The clouds swept across the landscape in waves of gray. Insects chirped and buzzed and was the only thing that could be heard aside from the rustling of leaves in the trees that had started to grow back. Along a narrow ridge on a mountainside a small opening lead to quite a large cavern. The opening had a large mirror stationed in front of it that reflected and bounced light off of smaller mirrors throughout the cave. Intricately placed so that the subterranean depths would have light during the day, if the clouds permitted.
Otherwise, there was an endless mound of hot coals that was used to control waste, heat up the cave and all the separate tunnels and rooms, and to provide light so that the people could see. It was a simple life and not many ventured out to the surface for fear that the stories they were told as children would come true.
In the beginning the people survived on rations that were collected over many years. That sustained them for a while, but that was not enough with an increasing population. New, albeit rudimentary, devices and techniques were created and they were able to continue living.
Arisca was tall for her age and very fit. Her black hair covered her shoulders in wavy locks. She was one of the few people that dared to go outside. She wasn't afraid, not in the way that the others were afraid. She was afraid of not being able to discover all the things that she could before she died. Going out there was thrilling and nothing in the cave could satisfy her need to wander the surface in search of anything that could be of value to her tribe. Not only that, but there was actual sunlight that beamed through the gray clouds and touched her skin with warmth. Hugging every part of her until a puff of clouds would once again block it out. She hated those clouds.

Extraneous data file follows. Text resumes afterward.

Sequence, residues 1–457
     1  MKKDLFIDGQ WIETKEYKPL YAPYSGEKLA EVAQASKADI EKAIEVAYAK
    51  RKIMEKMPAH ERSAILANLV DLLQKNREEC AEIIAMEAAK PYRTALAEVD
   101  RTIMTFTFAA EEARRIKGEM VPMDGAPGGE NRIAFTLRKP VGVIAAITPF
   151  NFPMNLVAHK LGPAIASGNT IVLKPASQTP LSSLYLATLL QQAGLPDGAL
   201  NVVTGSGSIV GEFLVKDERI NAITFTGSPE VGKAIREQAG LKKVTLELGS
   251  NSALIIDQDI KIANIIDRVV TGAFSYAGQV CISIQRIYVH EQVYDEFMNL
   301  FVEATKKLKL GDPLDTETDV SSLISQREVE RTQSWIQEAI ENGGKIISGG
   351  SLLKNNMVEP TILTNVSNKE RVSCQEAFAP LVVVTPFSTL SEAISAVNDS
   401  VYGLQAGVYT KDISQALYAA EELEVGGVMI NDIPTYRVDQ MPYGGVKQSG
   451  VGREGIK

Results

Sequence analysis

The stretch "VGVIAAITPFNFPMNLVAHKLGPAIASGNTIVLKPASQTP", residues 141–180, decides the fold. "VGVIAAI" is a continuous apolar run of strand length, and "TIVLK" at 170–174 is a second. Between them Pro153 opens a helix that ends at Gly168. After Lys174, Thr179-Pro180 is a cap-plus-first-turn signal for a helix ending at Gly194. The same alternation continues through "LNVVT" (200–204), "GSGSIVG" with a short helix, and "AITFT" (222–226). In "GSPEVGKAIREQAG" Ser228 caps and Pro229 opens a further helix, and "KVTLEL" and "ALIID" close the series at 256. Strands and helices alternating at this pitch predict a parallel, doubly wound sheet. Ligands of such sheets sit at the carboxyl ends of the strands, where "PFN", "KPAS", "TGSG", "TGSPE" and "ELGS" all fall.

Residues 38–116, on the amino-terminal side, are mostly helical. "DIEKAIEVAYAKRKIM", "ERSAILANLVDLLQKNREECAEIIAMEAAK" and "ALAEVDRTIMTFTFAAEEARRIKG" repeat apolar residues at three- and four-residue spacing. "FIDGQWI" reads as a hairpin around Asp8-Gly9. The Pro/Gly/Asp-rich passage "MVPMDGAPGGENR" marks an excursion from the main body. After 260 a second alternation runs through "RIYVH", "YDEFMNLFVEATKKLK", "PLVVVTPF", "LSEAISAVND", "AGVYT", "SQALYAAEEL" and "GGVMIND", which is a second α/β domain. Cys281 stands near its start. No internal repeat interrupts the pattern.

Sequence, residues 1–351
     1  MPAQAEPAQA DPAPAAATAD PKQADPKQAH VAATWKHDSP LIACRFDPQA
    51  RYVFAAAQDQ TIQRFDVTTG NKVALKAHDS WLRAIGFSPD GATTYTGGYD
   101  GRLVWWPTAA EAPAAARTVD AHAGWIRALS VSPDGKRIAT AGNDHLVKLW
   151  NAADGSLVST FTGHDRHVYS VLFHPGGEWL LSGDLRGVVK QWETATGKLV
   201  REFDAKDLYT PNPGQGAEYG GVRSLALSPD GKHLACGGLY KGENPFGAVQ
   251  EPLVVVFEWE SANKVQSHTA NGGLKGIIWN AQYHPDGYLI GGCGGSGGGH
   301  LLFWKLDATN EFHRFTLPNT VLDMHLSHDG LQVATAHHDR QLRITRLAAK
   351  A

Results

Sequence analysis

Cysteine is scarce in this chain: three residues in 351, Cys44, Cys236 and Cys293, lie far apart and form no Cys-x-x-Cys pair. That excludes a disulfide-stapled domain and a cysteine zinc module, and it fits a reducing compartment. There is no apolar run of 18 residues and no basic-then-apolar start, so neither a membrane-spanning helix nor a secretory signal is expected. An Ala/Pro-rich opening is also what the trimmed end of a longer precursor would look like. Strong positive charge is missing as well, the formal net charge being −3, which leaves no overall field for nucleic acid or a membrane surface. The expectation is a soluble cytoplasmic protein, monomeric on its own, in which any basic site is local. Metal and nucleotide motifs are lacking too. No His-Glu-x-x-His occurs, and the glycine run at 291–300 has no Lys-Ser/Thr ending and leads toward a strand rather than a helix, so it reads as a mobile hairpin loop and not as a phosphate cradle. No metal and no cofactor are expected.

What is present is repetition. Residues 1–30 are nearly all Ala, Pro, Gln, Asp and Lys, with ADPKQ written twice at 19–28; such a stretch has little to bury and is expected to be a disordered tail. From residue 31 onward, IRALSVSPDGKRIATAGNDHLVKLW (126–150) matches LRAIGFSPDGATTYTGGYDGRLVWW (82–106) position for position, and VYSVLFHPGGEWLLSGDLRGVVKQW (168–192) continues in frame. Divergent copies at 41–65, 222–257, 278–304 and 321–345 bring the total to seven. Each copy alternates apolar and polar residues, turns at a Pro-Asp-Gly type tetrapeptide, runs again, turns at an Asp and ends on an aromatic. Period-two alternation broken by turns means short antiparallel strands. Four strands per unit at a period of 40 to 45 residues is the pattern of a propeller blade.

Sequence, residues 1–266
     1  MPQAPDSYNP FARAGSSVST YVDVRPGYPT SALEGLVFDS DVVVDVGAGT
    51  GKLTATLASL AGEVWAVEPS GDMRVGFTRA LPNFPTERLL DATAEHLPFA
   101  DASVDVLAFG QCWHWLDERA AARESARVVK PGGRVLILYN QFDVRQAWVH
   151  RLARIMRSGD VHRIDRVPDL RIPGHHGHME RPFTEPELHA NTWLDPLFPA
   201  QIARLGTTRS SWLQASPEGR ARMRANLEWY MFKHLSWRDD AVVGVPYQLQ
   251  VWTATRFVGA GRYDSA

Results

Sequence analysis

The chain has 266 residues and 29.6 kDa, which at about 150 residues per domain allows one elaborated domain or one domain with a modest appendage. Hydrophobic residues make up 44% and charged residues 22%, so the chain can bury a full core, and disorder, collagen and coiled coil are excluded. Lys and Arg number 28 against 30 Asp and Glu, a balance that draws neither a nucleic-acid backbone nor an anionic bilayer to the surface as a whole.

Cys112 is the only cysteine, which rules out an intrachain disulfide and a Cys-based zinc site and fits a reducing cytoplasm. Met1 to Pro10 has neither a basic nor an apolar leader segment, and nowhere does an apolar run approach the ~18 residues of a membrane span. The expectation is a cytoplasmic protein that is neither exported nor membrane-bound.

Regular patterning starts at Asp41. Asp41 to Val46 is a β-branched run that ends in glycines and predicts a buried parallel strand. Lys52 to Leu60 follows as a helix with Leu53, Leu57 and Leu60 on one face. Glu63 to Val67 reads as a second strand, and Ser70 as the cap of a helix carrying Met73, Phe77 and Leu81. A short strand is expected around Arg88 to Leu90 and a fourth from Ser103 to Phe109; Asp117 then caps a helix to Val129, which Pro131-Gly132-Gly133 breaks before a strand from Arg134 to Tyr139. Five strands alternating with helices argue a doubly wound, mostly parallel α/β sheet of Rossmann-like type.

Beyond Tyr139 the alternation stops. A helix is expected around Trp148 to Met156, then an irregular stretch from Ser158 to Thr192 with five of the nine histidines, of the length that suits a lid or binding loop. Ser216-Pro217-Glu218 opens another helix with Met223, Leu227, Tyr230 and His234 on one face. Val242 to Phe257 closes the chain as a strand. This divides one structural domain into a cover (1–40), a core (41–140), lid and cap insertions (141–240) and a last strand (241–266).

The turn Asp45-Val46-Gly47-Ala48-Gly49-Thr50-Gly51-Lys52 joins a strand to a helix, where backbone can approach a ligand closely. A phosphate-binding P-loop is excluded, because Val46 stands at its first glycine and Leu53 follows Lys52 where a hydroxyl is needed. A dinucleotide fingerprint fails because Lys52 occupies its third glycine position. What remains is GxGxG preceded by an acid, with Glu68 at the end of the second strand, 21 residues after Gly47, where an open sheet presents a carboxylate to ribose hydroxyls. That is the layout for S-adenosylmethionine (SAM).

She was putting on her boots, getting ready to go to the surface when a tiny bell rang that was hanging on her door. From the other side, her friend who was done getting ready pulled the string which rang the bell from inside. She rang it so much that Arisca started to get annoyed. 'Okay! I'm coming!' she yelled.
Opening the door quickly, her friend Ann was smiling as she said, 'that bell is the only thing that gets your attention! Come on, are you ready yet?'
She had only put on one boot before the incessant ringing. 'Let me just put on my boots, alright? Then we'll go. What's the big rush anyway?' she asked.
'Nothing, I just want to leave,' Ann said leaning in the doorway. 'Come on, I don't have all day!'
Arisca closed the door behind her as she left trying to think if she was leaving anything behind. Both of them walked through the corridors and winding passages until they came to a narrow slit in the cave wall. A crack that opened all the way up to the surface. They slipped through it with relative ease, their forms pressed up against the hard stone they inched their way until they came upon a section that opened up in to a narrow path. Following it up and out of the cave entrance. The sun was bright on their faces for a moment but was gone in the next.
They walked down the ridge to where the path widened. Along the tree line, the mountain rose up to even higher altitudes. The sound of insects interested her and since the first time that she ventured to the surface, she started to name all the different sounds. So far, she had named eleven of them and she was always listening for new ones. She read about them in books and could only guess as to which sound belonged to each insect. Walking toward the tree line, they had no real destination. More of a general direction; a direction that they had never been. Once they came to the tree line, a natural fork made of newly grown evergreens, they would choose a direction from there and just keep walking until it was time to return. To the right of them, she saw all of the trees that they had marked in order to find their way back. To the left, there were fewer marks.
'Alright, I guess we're going that way,' she said pointing to the left.
The new forest enclosed them, giving them both the feeling of being in a different world. Being somewhere she hadn't been was one of the many reasons that she could think of that made her life worth enjoying.